The Social Media Privacy Protection Act (available here) is new legislation pending in the Pennsylvania General Assembly. The proposed legislation is a response to the near-universal outrage over employers requesting Facebook and other social media passwords from job applicants. The Act is short and to the point. The primary prohibition is:
An employer may not request or require that an employee or prospective employee disclose any user name, password or other means for accessing a private or personal social media account, service or Internet website.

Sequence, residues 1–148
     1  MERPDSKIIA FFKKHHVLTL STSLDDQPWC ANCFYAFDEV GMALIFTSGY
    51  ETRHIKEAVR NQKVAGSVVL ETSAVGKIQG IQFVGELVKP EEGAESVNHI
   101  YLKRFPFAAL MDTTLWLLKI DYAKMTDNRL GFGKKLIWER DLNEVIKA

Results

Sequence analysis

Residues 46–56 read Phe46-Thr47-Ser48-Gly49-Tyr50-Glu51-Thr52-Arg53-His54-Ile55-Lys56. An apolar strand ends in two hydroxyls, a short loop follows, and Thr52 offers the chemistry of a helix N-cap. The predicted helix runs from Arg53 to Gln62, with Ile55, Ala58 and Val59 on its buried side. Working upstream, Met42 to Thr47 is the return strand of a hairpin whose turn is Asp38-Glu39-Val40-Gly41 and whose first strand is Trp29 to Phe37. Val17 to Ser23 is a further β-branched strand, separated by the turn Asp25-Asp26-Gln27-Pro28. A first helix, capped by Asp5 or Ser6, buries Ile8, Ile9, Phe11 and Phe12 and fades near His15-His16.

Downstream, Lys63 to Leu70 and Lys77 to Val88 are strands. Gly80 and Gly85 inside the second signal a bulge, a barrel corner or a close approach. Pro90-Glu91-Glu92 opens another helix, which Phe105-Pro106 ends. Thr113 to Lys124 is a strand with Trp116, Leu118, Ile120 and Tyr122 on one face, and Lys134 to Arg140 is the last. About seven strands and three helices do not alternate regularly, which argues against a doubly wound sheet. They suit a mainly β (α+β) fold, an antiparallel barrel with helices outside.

And thou shall not discharge, discipline, or penalize an employee (or threaten to do one of those things), or refuse to hire an applicant, for refusing to disclose the info. Employers can still "promulgate and maintain workplace policies governing the use of an employer's electronic communication devices" and "monitor the usage of the employer's electronic communication devices." Also, employers are still free to check out info available "within the public domain." The penalty for a violation? Civil penalty up to $5,000.Maryland has already passed similar legislation, which I covered here. There seems to be a consensus that demanding passwords is a bad idea, and there's a strong concern that requesting passwords may violate the Stored Communications Act. The Pennsylvania Act is in committee - no idea whether it will pass or not.HT: PBA Labor and Employment section listserv (membership has its privileges!).Read additional employment law articles on Philip Miles' blog, Lawffice Space.
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